While the authorities are busy 'curbing' social ills and the hot-blooded libido of the adults, the children are quietly having a go themselves.

The UKM researchers should be congratulated for honestly and transparently revealing the damning figures. Now let us wait and see how the government tries to cover-up this issue or attempts to put a positive spin to it.
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Blogger Rauff said...

Whooaaa....and they said delinquency in the 90's were bad. I guess this a a good case from bad to worse.

5:30 PM GMT+8  
Blogger MarinaM said...

I spoke to the Vice-Chancellor and she said that this study was being referred to the UKM Ethical Committee to investigate the 'sensationalism' factors in this report. Also apparently the study has not been peer-reviewed.Therefore we cannot assume that there are no flaws in this report.

My question would really be this: why a study only on girls? Why is Selangor only concerned about the morality of young girls, and not of young boys? Do we have different morality standards for each sex?

I would be interested to know exactly what they asked these girls, and to know what they understood by 'sex'. Even among American or European students, you would never find a 99% result like this. I would be interested to know, for instance, how much violence, including rape, have these girls experienced, since there have been several studies that show that girls who experience rape then have such low self-esteem that they give their bodies to anyone as a form of self-hate.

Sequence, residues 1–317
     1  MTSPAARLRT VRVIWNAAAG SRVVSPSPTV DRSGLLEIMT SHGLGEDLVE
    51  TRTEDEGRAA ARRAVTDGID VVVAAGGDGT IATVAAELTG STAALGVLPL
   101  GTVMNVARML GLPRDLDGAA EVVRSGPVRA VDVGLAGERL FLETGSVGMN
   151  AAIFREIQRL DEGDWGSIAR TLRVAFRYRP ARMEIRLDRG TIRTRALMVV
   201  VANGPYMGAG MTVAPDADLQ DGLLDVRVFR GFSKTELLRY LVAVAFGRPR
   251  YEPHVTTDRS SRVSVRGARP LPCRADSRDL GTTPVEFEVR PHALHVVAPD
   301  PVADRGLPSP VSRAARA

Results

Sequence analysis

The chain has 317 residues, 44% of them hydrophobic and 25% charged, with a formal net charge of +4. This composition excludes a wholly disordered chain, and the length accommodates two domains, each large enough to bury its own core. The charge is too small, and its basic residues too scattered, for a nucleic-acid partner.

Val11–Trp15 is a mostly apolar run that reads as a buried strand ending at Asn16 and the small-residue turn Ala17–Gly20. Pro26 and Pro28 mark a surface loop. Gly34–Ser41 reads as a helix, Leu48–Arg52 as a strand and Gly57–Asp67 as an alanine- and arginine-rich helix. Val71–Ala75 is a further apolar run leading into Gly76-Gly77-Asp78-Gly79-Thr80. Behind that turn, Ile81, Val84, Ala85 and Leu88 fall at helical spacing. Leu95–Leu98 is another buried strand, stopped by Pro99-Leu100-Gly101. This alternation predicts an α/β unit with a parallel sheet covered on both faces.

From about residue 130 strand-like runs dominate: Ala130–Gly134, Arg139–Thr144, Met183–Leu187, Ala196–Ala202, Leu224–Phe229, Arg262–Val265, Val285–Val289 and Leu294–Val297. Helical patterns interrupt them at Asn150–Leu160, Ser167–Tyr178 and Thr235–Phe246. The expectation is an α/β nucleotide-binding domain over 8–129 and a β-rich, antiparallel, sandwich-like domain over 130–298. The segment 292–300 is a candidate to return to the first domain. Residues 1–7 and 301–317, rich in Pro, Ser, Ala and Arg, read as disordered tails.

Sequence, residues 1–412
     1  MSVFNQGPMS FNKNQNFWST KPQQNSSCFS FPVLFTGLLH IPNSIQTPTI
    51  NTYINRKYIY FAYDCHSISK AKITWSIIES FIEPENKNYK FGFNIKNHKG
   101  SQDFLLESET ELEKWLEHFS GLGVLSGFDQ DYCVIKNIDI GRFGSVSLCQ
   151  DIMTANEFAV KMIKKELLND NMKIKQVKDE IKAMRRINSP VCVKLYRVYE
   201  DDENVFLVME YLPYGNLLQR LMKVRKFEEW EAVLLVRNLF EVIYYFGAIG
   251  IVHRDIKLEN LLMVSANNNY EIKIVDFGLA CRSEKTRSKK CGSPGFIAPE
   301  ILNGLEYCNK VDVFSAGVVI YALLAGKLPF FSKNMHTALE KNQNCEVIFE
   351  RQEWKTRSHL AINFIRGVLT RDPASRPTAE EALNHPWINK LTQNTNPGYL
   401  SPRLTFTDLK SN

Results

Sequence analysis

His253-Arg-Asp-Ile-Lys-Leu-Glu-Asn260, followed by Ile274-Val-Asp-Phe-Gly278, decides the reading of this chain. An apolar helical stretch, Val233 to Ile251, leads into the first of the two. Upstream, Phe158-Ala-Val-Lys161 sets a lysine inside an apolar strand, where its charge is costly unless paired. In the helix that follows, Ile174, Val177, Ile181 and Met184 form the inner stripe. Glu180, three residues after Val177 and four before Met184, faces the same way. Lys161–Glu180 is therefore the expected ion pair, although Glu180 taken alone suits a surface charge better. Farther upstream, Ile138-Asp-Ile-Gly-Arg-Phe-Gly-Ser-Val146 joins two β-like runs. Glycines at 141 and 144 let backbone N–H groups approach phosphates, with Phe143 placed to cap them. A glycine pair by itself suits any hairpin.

Also I see nothing about what to do about this problem. Counselling? More religious lessons? Keep them locked up?

It would also be good to know , since they only picked 20 students with disciplinary problems from each school ( rather than ALL students with disciplinary problems), what percentage of the total number of girls with problems this represents. Therefore is saying 'MOST female students admit...' accurate or just sensationalising from flimsy evidence?

11:31 AM GMT+8  
Anonymous Anonymous said...

First of all, the sampling strategy deployed will not yield a prevalence of sexual behavior among girls. That should have been obvious.

It is not necessarily that the study is flawed. It is perfectly legitimate to study only girls with behavioral problems and do another on delinquent boys. There is no real issue here about having to do them both together.